Microsoft cuts jobs in HoloLens, Surface, Xbox as layoffs continue
Microsoft, implementing the layoff of 10 000 workers announced last month, on Thursday cut jobs in units including Surface devices, HoloLens mixed reality hardware and Xbox, according to people familiar with the matter.
Cuts to much of the HoloLens hardware team throw into question whether the company will produce a third iteration of the goggles outside of a planned version for the US Army, said the people, who declined to be named discussing confidential matters. At the Xbox gaming unit, reductions came in marketing and the Xbox Gaming Ecosystem Group, one of the people said.
Xbox Chief Phil Spencer emailed employees Thursday to let them know about the cuts without detailing what parts of his business were impacted. “I encourage everyone to take the time and space necessary to process these changes and support your colleagues,” Spencer wrote in the email, which was seen by Bloomberg.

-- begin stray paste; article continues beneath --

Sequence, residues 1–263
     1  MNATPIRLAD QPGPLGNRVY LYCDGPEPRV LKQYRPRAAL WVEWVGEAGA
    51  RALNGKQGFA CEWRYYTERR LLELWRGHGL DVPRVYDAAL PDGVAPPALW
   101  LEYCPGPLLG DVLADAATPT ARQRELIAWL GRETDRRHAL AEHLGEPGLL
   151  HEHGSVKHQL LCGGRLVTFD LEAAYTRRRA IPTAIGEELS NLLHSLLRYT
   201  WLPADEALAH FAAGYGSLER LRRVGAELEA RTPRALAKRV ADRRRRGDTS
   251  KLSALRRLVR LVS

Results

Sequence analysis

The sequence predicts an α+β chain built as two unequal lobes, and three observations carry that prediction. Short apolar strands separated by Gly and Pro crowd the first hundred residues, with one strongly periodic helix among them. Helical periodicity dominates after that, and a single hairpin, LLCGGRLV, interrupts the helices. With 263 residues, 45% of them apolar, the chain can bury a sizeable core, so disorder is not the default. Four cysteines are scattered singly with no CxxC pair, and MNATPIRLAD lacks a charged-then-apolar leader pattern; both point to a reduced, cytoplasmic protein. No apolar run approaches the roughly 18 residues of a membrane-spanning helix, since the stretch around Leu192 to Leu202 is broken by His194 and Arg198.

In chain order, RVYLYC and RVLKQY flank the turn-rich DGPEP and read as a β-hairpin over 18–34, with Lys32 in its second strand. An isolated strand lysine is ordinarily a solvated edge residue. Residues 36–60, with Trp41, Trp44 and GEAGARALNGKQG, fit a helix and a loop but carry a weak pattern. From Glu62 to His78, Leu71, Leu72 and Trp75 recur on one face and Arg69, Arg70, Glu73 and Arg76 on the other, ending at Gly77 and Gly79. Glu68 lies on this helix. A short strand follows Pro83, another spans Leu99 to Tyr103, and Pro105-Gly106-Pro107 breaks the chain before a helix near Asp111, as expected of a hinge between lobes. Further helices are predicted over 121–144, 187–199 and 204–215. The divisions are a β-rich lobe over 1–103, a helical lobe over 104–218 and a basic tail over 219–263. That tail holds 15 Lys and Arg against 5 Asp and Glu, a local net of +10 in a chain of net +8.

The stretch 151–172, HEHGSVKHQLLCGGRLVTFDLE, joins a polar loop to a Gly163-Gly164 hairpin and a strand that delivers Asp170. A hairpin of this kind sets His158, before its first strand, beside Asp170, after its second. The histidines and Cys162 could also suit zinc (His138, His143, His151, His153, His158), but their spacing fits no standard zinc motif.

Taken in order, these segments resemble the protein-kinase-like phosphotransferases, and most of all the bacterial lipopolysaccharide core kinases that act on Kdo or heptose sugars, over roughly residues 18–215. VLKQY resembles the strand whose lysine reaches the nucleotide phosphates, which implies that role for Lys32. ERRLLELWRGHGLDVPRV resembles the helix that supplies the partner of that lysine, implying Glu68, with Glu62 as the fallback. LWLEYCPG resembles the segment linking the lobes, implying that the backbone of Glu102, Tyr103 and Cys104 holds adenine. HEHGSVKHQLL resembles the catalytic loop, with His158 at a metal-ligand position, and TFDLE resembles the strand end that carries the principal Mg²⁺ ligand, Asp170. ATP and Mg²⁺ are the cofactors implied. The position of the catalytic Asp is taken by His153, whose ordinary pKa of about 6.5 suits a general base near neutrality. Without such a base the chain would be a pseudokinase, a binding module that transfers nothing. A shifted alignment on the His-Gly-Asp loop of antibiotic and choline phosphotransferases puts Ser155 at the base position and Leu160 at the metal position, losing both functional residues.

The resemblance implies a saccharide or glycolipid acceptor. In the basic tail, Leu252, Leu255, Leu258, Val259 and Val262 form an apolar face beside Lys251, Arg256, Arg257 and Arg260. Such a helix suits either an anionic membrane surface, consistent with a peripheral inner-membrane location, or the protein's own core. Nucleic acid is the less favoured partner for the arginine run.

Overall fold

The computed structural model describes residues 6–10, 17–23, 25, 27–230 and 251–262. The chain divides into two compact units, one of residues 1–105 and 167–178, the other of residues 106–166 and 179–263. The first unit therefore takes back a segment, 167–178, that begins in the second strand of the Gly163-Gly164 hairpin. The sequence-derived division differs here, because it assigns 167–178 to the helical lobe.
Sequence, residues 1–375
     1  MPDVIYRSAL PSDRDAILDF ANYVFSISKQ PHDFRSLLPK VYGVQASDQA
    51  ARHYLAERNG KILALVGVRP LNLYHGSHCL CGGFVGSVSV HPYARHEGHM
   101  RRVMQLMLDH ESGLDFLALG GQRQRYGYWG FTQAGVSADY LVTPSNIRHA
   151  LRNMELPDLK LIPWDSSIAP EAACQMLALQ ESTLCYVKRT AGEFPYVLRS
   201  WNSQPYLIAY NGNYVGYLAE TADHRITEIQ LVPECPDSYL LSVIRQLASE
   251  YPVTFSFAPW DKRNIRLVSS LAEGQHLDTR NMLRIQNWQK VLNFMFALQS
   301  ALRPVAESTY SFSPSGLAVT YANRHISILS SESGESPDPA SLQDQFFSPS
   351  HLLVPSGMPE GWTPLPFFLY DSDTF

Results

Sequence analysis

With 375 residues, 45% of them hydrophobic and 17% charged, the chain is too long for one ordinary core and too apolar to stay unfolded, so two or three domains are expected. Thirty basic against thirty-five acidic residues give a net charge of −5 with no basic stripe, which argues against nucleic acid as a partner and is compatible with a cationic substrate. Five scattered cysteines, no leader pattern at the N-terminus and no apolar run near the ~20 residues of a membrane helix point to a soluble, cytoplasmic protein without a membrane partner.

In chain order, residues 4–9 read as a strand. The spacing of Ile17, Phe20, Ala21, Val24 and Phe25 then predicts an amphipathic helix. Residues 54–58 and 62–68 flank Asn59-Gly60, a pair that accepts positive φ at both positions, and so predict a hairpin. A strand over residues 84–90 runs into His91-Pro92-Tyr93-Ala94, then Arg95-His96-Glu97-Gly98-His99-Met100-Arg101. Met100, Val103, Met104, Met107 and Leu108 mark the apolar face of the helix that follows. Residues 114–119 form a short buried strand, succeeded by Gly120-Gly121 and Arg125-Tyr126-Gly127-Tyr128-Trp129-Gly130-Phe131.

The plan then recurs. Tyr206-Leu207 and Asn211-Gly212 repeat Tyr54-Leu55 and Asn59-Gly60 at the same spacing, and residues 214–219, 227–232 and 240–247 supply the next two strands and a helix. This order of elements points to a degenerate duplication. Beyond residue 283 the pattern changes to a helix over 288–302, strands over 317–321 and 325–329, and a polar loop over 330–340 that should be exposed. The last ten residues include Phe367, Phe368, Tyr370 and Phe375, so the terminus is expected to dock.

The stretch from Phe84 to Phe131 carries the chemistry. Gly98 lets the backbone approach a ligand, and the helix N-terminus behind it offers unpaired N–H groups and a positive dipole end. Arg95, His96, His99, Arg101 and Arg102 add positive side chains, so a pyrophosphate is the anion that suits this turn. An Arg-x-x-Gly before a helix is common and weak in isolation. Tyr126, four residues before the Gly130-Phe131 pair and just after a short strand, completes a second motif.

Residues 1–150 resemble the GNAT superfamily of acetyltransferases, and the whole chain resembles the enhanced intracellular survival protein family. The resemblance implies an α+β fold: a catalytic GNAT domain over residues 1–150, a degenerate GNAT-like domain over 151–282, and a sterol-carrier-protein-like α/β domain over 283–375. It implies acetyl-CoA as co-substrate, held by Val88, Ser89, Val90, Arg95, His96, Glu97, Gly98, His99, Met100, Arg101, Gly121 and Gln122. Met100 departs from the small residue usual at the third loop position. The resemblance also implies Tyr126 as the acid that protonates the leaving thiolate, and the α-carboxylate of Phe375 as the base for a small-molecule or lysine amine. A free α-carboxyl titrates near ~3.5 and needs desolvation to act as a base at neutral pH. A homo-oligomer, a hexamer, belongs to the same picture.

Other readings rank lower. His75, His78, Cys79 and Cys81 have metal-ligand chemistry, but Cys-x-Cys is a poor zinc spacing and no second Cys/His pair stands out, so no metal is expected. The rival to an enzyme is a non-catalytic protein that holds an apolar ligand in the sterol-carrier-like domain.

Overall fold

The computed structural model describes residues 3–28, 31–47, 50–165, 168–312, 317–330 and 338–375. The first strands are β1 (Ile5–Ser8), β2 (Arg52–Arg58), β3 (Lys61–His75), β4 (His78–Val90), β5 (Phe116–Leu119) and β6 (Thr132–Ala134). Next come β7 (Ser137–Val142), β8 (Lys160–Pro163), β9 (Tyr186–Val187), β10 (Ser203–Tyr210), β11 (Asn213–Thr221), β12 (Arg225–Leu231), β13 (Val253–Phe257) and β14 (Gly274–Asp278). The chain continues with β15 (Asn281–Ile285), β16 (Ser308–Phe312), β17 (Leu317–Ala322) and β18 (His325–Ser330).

Microsoft declined to comment on the cuts, but said it remains committed to the mixed reality space and the current HoloLens 2 version. “While we don’t comment on specific staffing details, we can share there are no changes to HoloLens 2 and our commitment to mixed reality,” the company said in an emailed statement that pointed to a blog post from last week about its commitment.
A total of 617 workers were laid off in the Seattle area, according to a notice filed with the state.
Microsoft said last month it plans to cut 10 000 jobs, or about 5% of its workforce, over the course of this quarter. It took a $1.2 billion charge against earnings for last quarter — $800 million of it related to the job cuts and the rest related “changes to our hardware portfolio” and the cost of consolidating real estate leases. The company hasn’t given details about the hardware changes or where specifically the cuts have occurred.
Reductions last month hit the video-game studio that makes Microsoft’s Halo games and other workers in the mixed reality group including some of the team working on the version of HoloLens for the US Army. Microsoft won’t be getting more orders for its combat goggles anytime soon after Congress last month rejected the Army’s request for $400 million to buy as many as 6 900 of them in the current fiscal year. Without a massive order from the Army, the HoloLens hardware business’s future may be in doubt due to lack of enough significant customers, one of the people said. Bloomberg
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